Bethesda unveiled Wolfenstein II: The New Colossus at E3 in June (opens in new tab) and it’s due to land this week. A sequel to Wolfenstein The New Order, it’s set in 1961 America in an alternate timeline where the Nazis won the war.
We're about to dig in to the science behind the game, but before we do, here's the trailer.
In our timeline, America dropped an atom bomb (opens in new tab), the USSR launched Sputnik (opens in new tab), and scientists have just switched on the world's first laser (opens in new tab). But, in the Wolfenstein universe, the Third Reich is about to collide with 1960s America (opens in new tab), and technology's taken a different turn.
The Wolfenstein timeline diverges from our own during World War II, taking place in a parallel universe that saw Axis conquer Europe. And it's not beyond the realms of possibility.
Our universe is everything we can see, but we can't see everything. We sit at the centre of a visibility bubble known as a 'Hubble sphere (opens in new tab)'. And, according to Max Tegmark (opens in new tab), there could be four types of multiverse (opens in new tab) beyond.
The universe is expanding and there's no guarantee we can see the edges. Objects beyond our Hubble sphere are rushing away from us so fast that their light can't get here in time for us to see it.
There could be a patchwork of Hubble spheres beyond our field of view that extends into infinity. This is a level I multiverse.
There would only be a finite number of ways to arrange the particles in each one of these spheres. So, Tegmark reckons that there should be an identical copy of you about 10 to the power 1029 meters away.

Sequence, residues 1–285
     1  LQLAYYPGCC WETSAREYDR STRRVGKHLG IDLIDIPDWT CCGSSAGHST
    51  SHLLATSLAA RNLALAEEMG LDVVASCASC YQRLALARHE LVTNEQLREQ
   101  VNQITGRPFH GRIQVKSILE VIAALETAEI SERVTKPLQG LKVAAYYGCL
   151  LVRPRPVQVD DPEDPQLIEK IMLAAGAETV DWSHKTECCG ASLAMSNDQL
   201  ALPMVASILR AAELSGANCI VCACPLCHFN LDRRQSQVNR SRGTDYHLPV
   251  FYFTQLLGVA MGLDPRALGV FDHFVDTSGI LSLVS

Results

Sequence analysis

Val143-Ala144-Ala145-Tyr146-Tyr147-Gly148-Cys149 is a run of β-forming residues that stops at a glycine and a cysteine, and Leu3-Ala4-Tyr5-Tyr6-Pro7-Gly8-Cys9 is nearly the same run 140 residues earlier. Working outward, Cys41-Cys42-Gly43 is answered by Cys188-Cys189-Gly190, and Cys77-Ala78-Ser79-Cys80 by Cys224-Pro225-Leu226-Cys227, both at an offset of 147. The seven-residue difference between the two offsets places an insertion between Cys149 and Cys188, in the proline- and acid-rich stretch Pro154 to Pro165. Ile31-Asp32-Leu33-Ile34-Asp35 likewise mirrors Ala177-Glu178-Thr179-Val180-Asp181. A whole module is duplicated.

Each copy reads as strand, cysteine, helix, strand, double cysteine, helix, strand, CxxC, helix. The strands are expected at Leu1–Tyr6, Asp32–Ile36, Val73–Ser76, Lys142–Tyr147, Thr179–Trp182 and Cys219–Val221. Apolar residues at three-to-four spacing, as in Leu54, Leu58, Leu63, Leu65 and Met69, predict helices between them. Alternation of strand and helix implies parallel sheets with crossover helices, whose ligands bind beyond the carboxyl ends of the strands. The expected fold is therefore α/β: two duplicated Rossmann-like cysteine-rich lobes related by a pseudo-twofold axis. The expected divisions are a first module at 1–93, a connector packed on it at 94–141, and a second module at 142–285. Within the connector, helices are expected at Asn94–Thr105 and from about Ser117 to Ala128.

And, if that's the case, who's to say that there isn't a Wolfenstein Earth out there somewhere too.
Then there's another layer of complexity. If our patchwork universe started with a Big Bang (opens in new tab), what if others sprung up nearby? The level II multiverse contains many disconnected bubbles of Hubble spheres, each with their own physics, particles and dimensions.
Might help to explain some of Wolfenstein's paranormal activity.
At Level III things go quantum. Physicist Bryce DeWitt (opens in new tab) (Bioshock, anyone? (opens in new tab)) suggested that every quantum possibility has it's own parallel universe. If particles can be in more than one place at a time, why can't we? And why can't a whole universe?
And at Level IV, things get weird, extending beyond the laws of physics.
Whichever type of multiverse Wolfenstein occupies, their world has gone in a very different direction to our own.
Wolfenstein's parallel universe gives the developers license to bend the rules of science and history. The latest game has an arsenal of fictional tech to play with.
The previous game took its toll on protagonist, BJ Blazkowicz. He begins his latest ordeal in a German U-boat in a combat scene inspired by wheelchair skaters.
BJ's wood and metal chair is arm-powered and low-tech, but don't let that fool you. Advances in this universe came thick and fast elsewhere.
New Order ally Caroline Becker (opens in new tab) upgraded from a wheelchair to a power suit in the previous game, and the Da’at Yichud (opens in new tab) is back for a second showing. It restores leg function via neural interface, and comes packed with biomechanical upgrades.
Mech suits that reverse paralysis sound like the stuff of fiction. But, in real-world Geneva, scientist Gregor Courtine and his team are trialling similar tech on paralysed rats.
‘Project Rewalk’ activates damaged spinal nerves using a combination of chemicals and electricity. With neuroprosthetics, a harness and intense physio, the rats are learning to use their legs again.
Back in the Wolfenstein universe, tech has already moved one step further.
Power suits and exoskeletons
Paralysis-reversing neural interface aside, there are three gadgets in the game that have us excited.